Academic Minute Podcast
Linda Begdache, Binghamton University – Customized Diets and Lifestyle Factors May Optimize Mental Wellbeing
What can you do right now to help your mental health?
Dr. Begdache is currently an assistant professor at the Binghamton University College of Nursing and Health Sciences.
Her research focuses on assessing the impact of diet and lifestyle factors on mental distress with a specific focus on age-group and gender.
Customized Diets and Lifestyle Factors May Optimize Mental Wellbeing
Mental illnesses are common in the United States. Nearly one in five U.S. adults live with a mental illness (52.9 million in 2020). What if customized diets and lifestyle changes could be key to optimizing mental health?
It is becoming evident that diet plays a major role in modulating mental health. We need to consider a spectrum of dietary and lifestyle changes based on different age groups and gender. No one healthy diet works for everyone. There is not one fix.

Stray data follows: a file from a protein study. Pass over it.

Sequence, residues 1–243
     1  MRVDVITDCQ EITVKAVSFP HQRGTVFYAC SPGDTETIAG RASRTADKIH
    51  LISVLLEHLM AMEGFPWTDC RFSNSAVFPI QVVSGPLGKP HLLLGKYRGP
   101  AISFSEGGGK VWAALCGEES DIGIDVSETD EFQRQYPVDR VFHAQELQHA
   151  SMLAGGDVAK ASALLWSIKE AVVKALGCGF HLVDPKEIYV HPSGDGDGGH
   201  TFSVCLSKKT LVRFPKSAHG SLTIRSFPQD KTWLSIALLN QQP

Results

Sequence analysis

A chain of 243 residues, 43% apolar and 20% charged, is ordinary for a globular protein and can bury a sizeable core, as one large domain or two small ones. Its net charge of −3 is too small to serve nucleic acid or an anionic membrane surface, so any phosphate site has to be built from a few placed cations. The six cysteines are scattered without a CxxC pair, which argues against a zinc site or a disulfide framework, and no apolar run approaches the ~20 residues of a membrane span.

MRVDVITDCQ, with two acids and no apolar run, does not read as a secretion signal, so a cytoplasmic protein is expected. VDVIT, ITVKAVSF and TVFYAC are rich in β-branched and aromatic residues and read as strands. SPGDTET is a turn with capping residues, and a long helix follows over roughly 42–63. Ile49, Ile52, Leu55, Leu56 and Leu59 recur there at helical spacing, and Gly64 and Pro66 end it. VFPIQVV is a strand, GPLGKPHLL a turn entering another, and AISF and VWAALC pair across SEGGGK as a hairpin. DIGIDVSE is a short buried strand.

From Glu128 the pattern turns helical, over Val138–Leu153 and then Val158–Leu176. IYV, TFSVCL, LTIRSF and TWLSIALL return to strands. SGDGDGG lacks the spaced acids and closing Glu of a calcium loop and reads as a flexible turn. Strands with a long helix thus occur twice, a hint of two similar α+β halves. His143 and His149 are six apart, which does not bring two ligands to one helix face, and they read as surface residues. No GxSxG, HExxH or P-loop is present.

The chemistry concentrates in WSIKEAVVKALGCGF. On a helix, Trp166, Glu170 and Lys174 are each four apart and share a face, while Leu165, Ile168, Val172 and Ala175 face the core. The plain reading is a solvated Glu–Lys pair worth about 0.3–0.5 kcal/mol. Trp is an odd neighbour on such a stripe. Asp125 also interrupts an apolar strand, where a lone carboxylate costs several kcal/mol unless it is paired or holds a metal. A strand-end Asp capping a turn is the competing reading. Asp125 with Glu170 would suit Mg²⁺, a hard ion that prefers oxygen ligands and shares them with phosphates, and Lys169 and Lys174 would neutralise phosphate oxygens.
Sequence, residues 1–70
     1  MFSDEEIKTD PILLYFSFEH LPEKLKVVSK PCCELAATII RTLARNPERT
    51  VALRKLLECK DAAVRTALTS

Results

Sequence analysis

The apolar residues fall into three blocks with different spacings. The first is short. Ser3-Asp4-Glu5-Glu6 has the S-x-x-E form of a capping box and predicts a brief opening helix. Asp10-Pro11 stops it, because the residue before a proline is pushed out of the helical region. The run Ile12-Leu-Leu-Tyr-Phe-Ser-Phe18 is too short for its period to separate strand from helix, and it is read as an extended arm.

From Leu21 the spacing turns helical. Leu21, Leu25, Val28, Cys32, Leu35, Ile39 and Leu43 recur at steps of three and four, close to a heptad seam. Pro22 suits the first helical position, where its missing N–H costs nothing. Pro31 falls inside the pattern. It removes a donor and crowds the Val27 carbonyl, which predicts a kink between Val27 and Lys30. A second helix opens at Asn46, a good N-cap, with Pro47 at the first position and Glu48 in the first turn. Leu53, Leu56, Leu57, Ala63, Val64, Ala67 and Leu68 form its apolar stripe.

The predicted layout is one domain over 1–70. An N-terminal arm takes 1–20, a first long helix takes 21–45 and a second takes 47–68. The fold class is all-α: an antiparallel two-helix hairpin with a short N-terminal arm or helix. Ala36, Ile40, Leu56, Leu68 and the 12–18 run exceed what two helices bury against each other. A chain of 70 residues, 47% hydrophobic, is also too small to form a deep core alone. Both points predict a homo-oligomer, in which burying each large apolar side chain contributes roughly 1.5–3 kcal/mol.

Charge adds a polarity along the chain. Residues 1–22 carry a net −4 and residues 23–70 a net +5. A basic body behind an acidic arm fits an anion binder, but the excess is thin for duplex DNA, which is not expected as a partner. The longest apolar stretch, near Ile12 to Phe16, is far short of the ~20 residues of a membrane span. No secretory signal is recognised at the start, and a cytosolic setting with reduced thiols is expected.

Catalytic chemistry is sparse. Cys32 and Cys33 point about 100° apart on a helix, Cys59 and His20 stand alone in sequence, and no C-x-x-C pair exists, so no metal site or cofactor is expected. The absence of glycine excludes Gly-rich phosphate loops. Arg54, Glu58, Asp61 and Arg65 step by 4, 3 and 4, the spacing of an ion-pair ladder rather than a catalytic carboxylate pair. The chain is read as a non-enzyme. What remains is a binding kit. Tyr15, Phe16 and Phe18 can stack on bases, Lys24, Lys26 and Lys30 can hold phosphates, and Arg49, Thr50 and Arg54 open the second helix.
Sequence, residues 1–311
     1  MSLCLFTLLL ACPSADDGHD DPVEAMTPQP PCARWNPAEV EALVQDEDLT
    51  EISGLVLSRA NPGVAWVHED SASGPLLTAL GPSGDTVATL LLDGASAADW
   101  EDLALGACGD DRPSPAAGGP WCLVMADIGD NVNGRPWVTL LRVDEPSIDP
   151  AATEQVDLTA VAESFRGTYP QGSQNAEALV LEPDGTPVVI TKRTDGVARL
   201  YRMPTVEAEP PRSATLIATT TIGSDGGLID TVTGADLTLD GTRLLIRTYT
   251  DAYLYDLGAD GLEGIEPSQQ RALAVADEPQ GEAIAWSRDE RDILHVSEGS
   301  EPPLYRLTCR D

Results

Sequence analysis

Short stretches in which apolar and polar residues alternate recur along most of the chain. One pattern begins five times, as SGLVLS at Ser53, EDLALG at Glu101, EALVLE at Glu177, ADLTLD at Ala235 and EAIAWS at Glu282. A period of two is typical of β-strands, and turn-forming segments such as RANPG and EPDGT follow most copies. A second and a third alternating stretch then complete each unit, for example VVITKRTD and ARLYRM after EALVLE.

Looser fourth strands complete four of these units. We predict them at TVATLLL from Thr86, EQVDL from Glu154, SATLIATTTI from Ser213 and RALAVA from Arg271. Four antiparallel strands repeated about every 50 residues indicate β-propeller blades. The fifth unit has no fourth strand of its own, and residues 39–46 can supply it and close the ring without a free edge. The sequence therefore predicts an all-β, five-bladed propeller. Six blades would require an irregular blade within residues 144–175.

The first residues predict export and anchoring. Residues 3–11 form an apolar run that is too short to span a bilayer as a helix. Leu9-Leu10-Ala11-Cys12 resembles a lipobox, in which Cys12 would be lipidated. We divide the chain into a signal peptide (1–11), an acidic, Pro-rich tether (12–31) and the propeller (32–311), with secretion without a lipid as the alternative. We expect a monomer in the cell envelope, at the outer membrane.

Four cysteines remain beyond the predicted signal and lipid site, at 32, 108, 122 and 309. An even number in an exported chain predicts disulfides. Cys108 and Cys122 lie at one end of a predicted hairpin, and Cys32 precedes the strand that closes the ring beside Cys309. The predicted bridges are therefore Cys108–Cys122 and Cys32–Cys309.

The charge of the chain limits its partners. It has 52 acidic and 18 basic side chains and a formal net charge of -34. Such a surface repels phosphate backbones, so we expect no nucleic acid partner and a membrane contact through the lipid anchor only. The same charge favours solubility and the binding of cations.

Our research suggests a need to consider the differences in degree of brain maturity between young (18–29 years old) and mature (30 years or older) adults, as well as the brain morphology among men and women.
Young adults are still forming new connections between brain cells as well as building structures; therefore, they need more energy and nutrients to do so.
As a result, young adults who consume a poor-quality diet and experience nutritional deficiencies may suffer from a higher degree of mental distress.
One of our interesting findings related to age is high caffeine consumption being associated with mental distress in both young men and young women.
This is an important finding, since young adults tend to consume high levels of coffee, energy drinks and soda, most of which are loaded with caffeine.
We have also found that men are less likely to be affected by diet quality than women are. As long as men eat a slightly healthy diet they will experience mental well-being. It’s only when they consume mostly a very poor-quality diet such as fast food that they start experiencing mental distress.
Women, on the other hand, need a spectrum of healthy food and regular exercise to experience mental well-being.
Current recommendations for food intake are all based on physical health; there is an obvious need to create dietary recommendations for brain health.